Speeder Bike
with Scout Trooper
Review by: Chris
Review date: 12/27/2012

All speeder bikes in the history of the line have been a bit of a chore for me.  You have to fight with the figure to get it into position.  The foot holes never line up with the intended pegs.  The position of the rider is never natural.  It’s a host of compromises.  With this release of the Episode VI Speeder Bike, those issues are resolved.  Instead of two supposedly compatible items that feel like they were developed in a vacuum, the Speeder Bike and accompanying Scout were definitely made so that they interact perfectly.  Sometimes taking the photographs ends up feeling like a true (unpaid) job.  I actually had fun posing the bike and rider because they work so naturally together and allow you to achieve poses that are direct from the film without turning your figure into a contortionist.

Many of the frivolities of the vintage mold have been eliminated.  Gone are the spring loaded feet which also raised and lowered the flaps that would stay attached for all of seven seconds.  The feet are static and the flaps are now raised or lowered by hand (and securely attached).  It’s a much nicer execution.  The exploding feature has also been jettisoned.  Instead you can now raise the hood of the speeder bike to expose the engine.  I think this is a much better play feature.  Whenever I’d get a hot wheel car as a kid that had an opening hood or lifting body, as in the case of the funny cars, I thought it was the neatest thing.  I think kids will similarly enjoy this feature. 

Having said that, as a toy, this isn’t the most rugged of playthings.  Portions are quite thin and frail looking and will lead to easily being bent or broken.  The forks that hold the nose in place on my sample are mildly warped into a slightly twisted stance right out of the package.  As a toy, this could lead to Hasbro receiving some parent complaints (or maybe you should teach Johnny not to play with his toys like a goldarned caveman).  As a display piece, it excels.  The clear stand lets you pose the bike as if it were flying through the forest of Endor.  I do have to say I’m not thrilled with how high off the ground it holds the speeder.  You have the option of displaying the bike on the ground with a removable kickstand or placing it on the clear stand which has a relative height of about 6 feet. That’s obviously much higher than the speeder bikes flew in the film. Minor complaint.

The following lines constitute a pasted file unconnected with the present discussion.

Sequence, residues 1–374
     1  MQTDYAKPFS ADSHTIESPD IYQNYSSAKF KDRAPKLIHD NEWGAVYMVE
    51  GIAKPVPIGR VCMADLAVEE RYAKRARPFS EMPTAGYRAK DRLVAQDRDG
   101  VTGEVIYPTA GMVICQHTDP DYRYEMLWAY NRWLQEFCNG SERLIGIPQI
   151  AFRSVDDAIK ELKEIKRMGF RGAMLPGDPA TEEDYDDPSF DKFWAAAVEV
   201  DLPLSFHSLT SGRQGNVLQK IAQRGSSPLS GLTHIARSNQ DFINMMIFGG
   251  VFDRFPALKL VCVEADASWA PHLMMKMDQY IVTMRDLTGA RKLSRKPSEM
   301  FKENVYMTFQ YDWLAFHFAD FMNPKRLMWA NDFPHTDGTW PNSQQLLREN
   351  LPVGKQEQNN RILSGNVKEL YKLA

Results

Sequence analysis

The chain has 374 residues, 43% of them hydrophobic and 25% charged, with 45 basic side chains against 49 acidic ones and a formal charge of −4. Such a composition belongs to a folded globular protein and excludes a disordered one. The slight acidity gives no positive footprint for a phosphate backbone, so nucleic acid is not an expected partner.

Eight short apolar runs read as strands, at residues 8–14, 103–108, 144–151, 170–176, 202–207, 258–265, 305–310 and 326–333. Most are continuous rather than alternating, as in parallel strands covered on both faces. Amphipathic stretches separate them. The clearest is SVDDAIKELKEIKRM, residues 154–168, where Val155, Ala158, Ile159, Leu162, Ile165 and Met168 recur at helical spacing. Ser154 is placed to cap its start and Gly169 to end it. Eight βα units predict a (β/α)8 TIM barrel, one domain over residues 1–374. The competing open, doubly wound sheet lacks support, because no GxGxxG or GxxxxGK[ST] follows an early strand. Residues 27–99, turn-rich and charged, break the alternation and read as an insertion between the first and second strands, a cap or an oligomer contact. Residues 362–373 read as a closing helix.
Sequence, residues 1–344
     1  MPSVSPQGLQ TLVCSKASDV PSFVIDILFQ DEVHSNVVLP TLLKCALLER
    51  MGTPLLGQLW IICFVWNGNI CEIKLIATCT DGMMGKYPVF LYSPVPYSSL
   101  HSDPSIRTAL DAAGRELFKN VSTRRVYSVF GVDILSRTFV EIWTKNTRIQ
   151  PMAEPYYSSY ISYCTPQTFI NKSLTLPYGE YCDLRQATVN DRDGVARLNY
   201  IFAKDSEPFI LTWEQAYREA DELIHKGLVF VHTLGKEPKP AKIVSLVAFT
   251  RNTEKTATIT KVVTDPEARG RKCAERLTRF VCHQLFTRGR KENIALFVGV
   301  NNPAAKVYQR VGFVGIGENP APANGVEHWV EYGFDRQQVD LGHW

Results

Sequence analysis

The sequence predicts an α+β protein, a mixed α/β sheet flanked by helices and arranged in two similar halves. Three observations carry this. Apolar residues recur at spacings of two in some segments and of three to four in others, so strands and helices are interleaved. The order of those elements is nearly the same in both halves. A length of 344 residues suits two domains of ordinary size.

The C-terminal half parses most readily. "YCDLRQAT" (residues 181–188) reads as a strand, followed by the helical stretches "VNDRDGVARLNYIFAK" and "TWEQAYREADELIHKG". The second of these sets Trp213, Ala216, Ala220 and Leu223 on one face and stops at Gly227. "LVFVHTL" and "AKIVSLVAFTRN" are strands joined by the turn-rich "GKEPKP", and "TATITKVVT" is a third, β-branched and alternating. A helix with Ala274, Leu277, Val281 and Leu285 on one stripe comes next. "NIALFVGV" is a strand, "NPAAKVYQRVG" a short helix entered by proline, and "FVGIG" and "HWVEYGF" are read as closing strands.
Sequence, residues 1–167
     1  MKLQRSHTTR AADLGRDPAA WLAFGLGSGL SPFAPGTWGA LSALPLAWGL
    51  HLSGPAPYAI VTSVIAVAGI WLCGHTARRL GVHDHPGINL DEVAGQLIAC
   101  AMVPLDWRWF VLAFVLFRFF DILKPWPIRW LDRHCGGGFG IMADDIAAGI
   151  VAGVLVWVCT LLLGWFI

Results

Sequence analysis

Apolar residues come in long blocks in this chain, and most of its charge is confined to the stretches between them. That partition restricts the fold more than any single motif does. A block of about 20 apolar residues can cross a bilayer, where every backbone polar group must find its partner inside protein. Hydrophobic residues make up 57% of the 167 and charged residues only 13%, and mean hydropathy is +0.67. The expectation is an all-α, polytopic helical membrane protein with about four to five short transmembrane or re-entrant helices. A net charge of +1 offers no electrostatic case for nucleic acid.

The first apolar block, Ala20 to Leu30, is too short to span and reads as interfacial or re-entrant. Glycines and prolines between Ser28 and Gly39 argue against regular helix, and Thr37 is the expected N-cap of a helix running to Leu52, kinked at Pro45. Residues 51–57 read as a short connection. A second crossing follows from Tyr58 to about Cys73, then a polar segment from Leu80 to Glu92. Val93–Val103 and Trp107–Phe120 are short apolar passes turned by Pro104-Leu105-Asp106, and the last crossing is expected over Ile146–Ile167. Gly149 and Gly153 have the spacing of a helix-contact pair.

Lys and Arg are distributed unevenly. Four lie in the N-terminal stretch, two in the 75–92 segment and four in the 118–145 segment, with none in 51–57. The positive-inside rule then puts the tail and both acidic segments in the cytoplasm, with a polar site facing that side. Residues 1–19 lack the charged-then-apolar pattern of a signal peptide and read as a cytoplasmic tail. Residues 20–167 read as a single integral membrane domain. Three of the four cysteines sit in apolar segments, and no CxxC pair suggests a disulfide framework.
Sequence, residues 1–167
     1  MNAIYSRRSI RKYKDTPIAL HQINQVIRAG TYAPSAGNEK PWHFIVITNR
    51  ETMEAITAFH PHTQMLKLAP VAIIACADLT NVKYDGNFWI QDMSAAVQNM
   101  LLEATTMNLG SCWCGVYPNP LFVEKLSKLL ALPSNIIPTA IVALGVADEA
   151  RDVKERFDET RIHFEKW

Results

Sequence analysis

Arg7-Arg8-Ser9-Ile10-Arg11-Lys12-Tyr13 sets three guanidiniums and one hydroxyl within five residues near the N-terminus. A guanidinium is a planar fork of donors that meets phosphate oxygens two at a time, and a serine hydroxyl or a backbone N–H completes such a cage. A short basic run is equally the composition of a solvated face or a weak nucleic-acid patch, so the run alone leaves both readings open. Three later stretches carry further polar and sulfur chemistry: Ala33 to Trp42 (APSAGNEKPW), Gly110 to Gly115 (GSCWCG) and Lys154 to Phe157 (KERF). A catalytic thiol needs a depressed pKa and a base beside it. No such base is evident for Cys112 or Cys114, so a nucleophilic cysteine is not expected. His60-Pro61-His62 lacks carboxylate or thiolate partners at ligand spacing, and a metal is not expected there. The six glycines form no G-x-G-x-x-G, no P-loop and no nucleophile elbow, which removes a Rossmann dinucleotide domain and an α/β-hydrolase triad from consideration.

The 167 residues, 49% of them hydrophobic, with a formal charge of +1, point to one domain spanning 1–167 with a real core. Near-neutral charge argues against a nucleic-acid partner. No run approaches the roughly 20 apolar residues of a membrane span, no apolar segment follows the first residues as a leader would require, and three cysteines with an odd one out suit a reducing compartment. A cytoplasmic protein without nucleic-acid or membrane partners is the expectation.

The neck joint on the biker scout is a revelation.  The range of motion achieved for the head is unprecedented in the line.  Bravo, Hasbro.  It allows the Scout to still be looking forward when he is angled while riding the speeder.  I love it.  You’re going to want all of you figures to have this type of articulation.  I would gladly buy the Vintage Collection Darth Maul again if they simply added this type of neck joint.  By now, you’re well aware of the increased number of poses that can be achieved by virtue of ball jointed hips.  If in fact this is the figure that is released in wave 1 of the Legacy Collection in 2013, I’m going to want to add a few more of these to my collection.

The tripod cannon is a neat, but unremarkable inclusion.  It can be broken down and attached to the speeder bike to make it appear like a more aggressive toy, or it can be used as is.  The legs don’t want to fully cooperate, so using it as a tripod cannon takes a degree of patience.  The intent was clearly to make the speeder bike a more formidable looking fighting vehicle for kids, while not disrupting the aesthetic for adult collectors (as we’ve seen with the alternate weapon pods on the AT-ST).  As such, it doesn’t sway my opinion of the set in either direction. 

Overall, I give this set 9 out of 10 with the deduction being for the lack of ruggedness described above.

9/10 Bantha Skulls

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